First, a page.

Gabrielle Fletcher considers what good fantasy fiction is:
I remember one Christmas when my younger brother and I were no older than thirteen...it was a time that some important video game was coming out. My brother had been dropping hints to my parents the whole year about it in hopes of it being somewhere under the tree that Christmas. Early Christmas morning he scanned all the colorful presents' shapes looking for one that resembled his game, and there it was wrapped in shining wrapping paper waiting for him. He patiently waited to open the gift with a huge grin of anticipation across his face, clutching the present as if it were the answer to the meaning of his life. When it was his turn he manically ripped it open and then instantly his grin froze in an awkward position. The promising package in his hand was not the game he had been hoping for but one of The Chronicles of Narnia novels. His face dropped in disappointment as he stared at the glossy paperback book. "God damn it, another fantasy book?" he muttered under his breath tossing the book in my direction. Being the bookworm of the family I quickly snatched the rejected present, stashing it with the books my parents had given me. Later that week I finished it and recommended that he read it. "It's probably just like Harry Potter and the rest of those magic books," he responded to me, "and nothing is better than Harry Potter."
The memory of that Christmas and his reaction to Fantasy has always stayed in the back of my mind. Most people I know trash Fantasy comparing it to movie versions of Fantasy books claiming they all must be the same. When reading these books in this genre it was hard not to see the same pattern of theme and storylines. Usually when one thinks of a Fantasy story it has the usual elements of supernatural, magic, romance, heroes overcoming evil, or characters discovering themselves as they are. With all these redundant plot lines, how can you determine what makes a 'good' fantasy fiction story?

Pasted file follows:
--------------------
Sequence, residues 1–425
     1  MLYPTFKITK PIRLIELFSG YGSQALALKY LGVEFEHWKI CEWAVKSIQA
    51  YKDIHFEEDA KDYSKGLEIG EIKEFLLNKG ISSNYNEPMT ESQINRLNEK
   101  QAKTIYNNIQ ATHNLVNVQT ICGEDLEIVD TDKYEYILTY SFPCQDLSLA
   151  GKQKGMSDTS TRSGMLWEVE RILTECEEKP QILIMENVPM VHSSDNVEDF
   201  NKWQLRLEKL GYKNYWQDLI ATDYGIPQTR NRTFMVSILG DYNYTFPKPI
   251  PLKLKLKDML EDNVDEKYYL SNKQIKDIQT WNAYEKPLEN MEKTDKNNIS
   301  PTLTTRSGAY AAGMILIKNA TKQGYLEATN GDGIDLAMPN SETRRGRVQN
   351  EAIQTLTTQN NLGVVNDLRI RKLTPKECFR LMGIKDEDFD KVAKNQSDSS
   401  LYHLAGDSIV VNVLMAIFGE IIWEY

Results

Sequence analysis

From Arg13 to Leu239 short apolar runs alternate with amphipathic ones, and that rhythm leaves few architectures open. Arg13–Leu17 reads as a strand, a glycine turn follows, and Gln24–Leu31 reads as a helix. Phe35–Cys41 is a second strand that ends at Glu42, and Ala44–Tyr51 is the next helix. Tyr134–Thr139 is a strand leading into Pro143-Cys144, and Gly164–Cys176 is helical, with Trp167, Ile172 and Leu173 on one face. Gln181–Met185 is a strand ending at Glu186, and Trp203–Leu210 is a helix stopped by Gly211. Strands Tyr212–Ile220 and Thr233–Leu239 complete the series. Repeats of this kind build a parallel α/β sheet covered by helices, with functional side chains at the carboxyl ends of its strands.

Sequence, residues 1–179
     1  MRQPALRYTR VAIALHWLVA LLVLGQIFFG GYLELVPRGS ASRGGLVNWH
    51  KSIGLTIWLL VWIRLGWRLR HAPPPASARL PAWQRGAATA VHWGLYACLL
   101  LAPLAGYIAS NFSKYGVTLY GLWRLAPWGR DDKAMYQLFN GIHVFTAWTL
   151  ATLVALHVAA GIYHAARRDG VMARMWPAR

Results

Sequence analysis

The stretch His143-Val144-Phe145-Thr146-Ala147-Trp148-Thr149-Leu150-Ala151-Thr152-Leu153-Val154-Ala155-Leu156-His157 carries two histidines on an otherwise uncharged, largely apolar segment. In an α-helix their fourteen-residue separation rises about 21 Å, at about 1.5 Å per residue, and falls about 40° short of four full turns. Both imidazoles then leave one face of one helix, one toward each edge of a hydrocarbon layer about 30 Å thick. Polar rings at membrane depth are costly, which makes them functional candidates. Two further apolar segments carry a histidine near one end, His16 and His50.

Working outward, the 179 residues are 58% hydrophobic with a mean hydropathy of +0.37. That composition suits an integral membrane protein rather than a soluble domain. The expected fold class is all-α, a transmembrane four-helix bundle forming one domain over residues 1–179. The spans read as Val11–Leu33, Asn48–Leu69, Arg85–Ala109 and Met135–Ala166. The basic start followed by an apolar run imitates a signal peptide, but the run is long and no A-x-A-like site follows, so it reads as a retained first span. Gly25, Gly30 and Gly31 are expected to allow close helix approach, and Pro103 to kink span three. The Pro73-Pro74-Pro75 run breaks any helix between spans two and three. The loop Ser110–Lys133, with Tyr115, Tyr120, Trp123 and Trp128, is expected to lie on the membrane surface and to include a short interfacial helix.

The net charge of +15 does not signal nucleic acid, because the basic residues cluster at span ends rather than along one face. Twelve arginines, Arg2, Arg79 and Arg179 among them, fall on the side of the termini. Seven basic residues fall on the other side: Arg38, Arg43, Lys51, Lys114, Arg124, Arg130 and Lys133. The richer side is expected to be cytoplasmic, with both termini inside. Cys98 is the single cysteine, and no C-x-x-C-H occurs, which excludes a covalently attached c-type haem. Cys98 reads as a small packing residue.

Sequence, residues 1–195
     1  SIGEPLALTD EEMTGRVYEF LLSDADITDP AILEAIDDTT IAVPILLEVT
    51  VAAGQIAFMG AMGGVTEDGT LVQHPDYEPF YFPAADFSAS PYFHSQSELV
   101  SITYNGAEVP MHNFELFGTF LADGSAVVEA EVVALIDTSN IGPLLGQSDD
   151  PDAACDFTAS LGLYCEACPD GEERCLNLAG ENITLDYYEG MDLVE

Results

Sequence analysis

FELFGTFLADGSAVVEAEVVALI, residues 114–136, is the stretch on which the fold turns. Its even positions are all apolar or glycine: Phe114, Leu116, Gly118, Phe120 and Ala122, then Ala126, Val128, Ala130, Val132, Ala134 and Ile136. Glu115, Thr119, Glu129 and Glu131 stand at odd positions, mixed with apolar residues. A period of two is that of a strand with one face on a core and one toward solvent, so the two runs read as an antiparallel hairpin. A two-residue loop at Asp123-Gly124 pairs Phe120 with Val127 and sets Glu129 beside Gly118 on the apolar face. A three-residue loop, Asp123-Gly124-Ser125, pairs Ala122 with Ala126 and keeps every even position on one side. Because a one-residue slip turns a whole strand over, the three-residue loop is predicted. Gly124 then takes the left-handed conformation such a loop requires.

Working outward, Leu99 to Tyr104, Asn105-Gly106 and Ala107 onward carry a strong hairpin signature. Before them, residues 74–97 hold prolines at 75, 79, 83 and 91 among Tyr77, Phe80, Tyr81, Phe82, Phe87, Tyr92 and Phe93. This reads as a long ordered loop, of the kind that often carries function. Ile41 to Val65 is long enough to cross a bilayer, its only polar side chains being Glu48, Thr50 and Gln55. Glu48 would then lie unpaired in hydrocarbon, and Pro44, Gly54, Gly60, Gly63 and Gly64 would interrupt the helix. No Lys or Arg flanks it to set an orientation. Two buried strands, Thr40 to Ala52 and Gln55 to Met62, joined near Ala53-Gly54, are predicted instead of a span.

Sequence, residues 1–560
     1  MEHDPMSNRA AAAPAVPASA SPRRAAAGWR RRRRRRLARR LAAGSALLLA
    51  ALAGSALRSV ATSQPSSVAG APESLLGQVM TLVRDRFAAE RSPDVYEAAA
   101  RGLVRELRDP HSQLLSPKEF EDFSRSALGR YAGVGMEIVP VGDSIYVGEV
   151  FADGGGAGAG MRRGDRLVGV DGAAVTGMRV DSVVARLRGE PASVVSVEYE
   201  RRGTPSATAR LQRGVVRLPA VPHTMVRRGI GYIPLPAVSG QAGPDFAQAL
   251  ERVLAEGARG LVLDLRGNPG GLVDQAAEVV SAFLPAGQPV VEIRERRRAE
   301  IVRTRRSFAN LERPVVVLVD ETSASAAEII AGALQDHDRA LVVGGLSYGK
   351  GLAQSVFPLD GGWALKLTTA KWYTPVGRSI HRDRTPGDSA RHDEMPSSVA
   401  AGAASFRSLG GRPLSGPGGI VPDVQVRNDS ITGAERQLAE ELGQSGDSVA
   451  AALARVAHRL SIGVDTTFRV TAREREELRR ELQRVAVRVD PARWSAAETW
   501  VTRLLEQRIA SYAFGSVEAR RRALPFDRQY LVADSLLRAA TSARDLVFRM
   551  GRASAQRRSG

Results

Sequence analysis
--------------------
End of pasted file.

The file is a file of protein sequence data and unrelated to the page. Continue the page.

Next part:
It varies with each reader's preferences and what their own personal expectations are for the Fantasy book. While reading some selected works I was able to develop a kind of way to evaluate the novels by comparing the author's fictional world and character development. If the world was unclear to me or characters were weak, I wasn't as intrigued with the books. Without noticing it I was setting up my own personal expectation I usually look for in a good book. Some questions I would ask myself: "Has it been thought out well?" "Are there any connections to reality from this fictional land?" "Can I picture this world?" "Who is this character really?" and "What can I learn from these characters?"
Fictional world development is key to any good fiction story whether it's fantasy or trashy soft-core romance novels; you know the ones that you catch your mom or some older woman secretly engrossed by. A reader can't fully grasp or enjoy a Fantasy novel if the world they are trying to imagine or see isn't fully developed. An author could write about the most realistic characters, draw out epic storylines, or imagine the most brutal battles on paper--but if the world doesn't fit, how can all these elements come together?